Education Intelligent Design

Baylor, Marks, Faust, and Selling One’s Soul

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There is an ancient legend about a man named Faust, who sold his soul for temporal selfish gain and self-aggrandizement. Although the immediate but ephemeral rewards were intoxicating, the ultimate consequences were hideous.

The legend of Faust has inspired much art, music, and theater over the centuries. The reason is obvious: There is a fundamental truth and lesson to be learned.

In the Marks case, Baylor has sold its soul for temporal selfish gain and self-aggrandizement — the antithesis of what its Baptist tradition teaches.

For those who are interested in the arts and the legend of Faust, check out:

http://worldchampionshipcheckers.com/Piano/piano.html

and download the Chopin and Liszt album, for a recording of Liszt’s Mephisto Waltz (his most famous, and infamous, work for the piano), which is a programmatic musical composition about the legend of Faust and the selling of his soul to Mephistopheles. Program notes are also available at the URL.

7 Replies to “Baylor, Marks, Faust, and Selling One’s Soul

  1. 1
    Chemfarmer says:

    So true! or What shall it profit a (university) if it gain the whole world and lose its own soul?

  2. 2
    Jehu says:

    Well said.

  3. 3
    tribune7 says:

    Gil, thanks for the music!

  4. 4
    russ says:

    Do they teach Christian Ethics or any kind of ethics at Baylor? This might be an interesting case study for the students there—assuming, of course, that it did not generate anonymous complaints.

  5. 5
    GilDodgen says:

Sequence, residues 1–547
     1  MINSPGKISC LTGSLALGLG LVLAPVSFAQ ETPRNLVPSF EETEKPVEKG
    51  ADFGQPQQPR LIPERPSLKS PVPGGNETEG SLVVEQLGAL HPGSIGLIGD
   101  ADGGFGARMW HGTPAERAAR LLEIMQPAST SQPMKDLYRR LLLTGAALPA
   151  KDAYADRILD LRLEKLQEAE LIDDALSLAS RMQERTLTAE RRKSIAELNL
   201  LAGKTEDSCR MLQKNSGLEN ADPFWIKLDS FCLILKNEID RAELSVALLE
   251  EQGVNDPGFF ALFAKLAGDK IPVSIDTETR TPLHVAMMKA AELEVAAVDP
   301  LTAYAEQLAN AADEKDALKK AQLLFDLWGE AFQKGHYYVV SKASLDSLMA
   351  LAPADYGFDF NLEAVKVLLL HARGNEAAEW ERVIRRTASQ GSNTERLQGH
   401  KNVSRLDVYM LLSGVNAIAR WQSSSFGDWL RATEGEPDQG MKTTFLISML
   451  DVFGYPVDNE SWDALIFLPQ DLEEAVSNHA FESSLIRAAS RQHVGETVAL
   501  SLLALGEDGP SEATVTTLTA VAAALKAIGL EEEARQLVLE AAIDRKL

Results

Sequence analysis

The Wiki article comments that the name Faust has come to stand for a charlatan alchemist whose pride and vanity lead to his doom.

    Random variation and natural selection as a universal explanation for all of life strikes me as a form of charlatan alchemy. The irony is that Marks is doing real science, debunking the alchemists. This is the real reason Baylor wants to disown him.

    See this article

    http://web.ecs.baylor.edu/faculty/marks/T/ev2.pdf

    in which Marks and Dembski debunk an evolutionary algorithm called ev.

    We show that ev is able to evolve binding site locations only because it is prestructured to do so. The difficulty of the problem is 131 bits. The perceptron search structure adds about 122.2 bits of information, leaving only about 8.8 bits to the search procedure. Although the perceptron structure smuggles in an enormous amount of information, ev squanders it with the evolutionary search. The evolutionary algorithm in ev required over 45,000 fitness queries to achieve success. Based on query count, repeated random queries outperform the evolutionary algorithm by over 10,000%.

  6. 6
    alan says:

    WOULD SOMEONE PLEASE intrepret the above for me and others who might not have sufficiency in this discipline?

  7. 7
    landru says:

    I am no expert, but I think the first sentence is the interpretation. The pre-determined design of the program and its data structures went 90+% of the way in achieving the desired result and the evolutionary tinkering during the execution of the program, which is supposed to be where the impressive results that illustrate the power of undirected evolution to create new information are, had only a little work to do.

    Dr. Dembski, have you wondered whether they simply sand-bagged the evolutionary search to make it take longer and give the impression of accomplishment, shifting focus away from the smuggled information?

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